Saints and Misfits is an unforgettable debut novel that feels like a modern day My So-Called Life…starring a Muslim teen.
How much can you tell about a person just by looking at them?
Janna Yusuf knows a lot of people can’t figure out what to make of her…an Arab Indian-American hijabi teenager who is a Flannery O’Connor obsessed book nerd, aspiring photographer, and sometime graphic novelist is not exactly easy to put into a box.
And Janna suddenly finds herself caring what people think. Or at least what a certain boy named Jeremy thinks. Not that she would ever date him—Muslim girls don’t date. Or they shouldn’t date. Or won’t? Janna is still working all this out.
While her heart might be leading her in one direction, her mind is spinning in others. She is trying to decide what kind of person she wants to be, and what it means to be a saint, a misfit, or a monster. Except she knows a monster…one who happens to be parading around as a saint…Will she be the one to call him out on it? What will people in her tightknit Muslim community think of her then?
Description taken from Goodreads.
I had hoped that Saints and Misfits would turn out to be a lot like When Dimple Met Rishi. I wanted the same heartfelt enthusiasm for one’s own culture the way Rishi had, and I definitely wouldn’t mind a bit more of the conflict that Dimple faced in learning to accept both her background and her future. Of course, with a little bit of Laurie Halse Anderson’s Speak and Islam mixed in.
And in some ways, I did get what I asked for.
This book is incredibly eloquent in illustrating Janna’s relationships, struggles, and loyalty and love for Islam, no matter how uncomfortable or inconvenient it can be at times. In a world where there isn’t a whole lot of positive representation for Islam and for the Muslims living in the United States, this is an important read. If you’re looking for a great portrayal of Muslim day-to-day life, in a way that isn’t villainized or too much but funny and real, then this is the book for you.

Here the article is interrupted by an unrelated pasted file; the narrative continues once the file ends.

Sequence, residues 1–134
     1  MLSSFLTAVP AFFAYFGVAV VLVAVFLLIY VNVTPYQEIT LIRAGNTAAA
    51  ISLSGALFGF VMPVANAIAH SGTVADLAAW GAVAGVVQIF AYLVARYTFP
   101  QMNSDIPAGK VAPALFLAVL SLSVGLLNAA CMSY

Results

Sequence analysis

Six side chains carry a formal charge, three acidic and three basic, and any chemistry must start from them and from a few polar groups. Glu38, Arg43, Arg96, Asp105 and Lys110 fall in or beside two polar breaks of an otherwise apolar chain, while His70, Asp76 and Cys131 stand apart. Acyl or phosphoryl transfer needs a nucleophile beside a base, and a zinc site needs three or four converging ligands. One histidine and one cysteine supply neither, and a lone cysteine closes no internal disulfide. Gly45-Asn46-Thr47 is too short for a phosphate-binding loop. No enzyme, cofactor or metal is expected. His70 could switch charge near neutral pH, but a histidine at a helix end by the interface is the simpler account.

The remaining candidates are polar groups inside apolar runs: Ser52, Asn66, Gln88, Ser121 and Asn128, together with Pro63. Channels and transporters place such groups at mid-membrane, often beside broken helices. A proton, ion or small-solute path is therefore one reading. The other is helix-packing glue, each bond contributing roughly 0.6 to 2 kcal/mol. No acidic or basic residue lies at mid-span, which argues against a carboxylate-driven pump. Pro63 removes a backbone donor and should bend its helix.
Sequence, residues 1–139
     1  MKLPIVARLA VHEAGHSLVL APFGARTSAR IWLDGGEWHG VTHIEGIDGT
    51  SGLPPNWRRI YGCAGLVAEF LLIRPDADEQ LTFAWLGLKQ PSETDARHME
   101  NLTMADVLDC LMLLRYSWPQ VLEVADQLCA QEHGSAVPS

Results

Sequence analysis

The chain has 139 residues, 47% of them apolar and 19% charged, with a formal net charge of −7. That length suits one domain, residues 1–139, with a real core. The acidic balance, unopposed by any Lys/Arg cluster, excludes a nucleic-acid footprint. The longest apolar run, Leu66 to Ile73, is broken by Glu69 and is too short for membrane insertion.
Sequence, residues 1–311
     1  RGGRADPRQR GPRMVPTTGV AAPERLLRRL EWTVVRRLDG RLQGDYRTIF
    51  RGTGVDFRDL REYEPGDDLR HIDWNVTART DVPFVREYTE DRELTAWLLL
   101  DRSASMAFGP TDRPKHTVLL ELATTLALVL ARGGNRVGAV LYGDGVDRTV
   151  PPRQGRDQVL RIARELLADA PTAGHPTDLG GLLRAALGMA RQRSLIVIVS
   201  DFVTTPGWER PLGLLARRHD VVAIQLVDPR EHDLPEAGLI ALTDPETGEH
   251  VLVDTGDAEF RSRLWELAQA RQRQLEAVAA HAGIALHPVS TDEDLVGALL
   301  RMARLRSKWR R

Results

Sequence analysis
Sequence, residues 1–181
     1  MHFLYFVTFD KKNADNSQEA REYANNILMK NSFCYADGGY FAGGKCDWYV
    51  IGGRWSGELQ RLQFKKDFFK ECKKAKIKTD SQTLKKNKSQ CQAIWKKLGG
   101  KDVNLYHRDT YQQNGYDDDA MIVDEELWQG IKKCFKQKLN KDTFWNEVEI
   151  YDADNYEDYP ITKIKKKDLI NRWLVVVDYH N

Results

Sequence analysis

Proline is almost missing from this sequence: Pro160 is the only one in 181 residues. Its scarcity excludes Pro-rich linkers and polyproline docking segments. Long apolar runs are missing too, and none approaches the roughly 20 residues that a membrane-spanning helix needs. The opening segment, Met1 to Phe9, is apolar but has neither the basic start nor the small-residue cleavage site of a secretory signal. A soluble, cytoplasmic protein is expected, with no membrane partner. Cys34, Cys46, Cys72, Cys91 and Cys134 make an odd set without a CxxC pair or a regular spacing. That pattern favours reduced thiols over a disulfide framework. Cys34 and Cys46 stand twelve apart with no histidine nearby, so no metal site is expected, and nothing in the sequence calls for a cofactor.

But I did want a little bit more from it. I felt as if Saints and Misfits didn’t have the same soul that When Dimple Met Rishi had. It was fun and upbeat, and I enjoyed getting to know Janna, but in the end, I didn’t truly care about the characters or their story. It was a more a dialogue and look into Islam than it was a novel. Even, or maybe especially, the saints/misfits/monsters theme was way overplayed. The harassment Janna faced felt too much like a plot device instead of the serious issue that it is, to the point where I wondered if the humor tried to poke fun at the whole thing.
I seem to be in the minority on this one, so I’ll still be recommending it. I think it’s great for a diverse read and a valuable addition to the YA community, but it isn’t the full package. If you’re looking for a truly phenomenal read on harassment and sexual assault, I would rather recommend books like Amber Smith’s The Way I Used To Be and Courtney Stevens’ Faking Normal. 2.5 stars.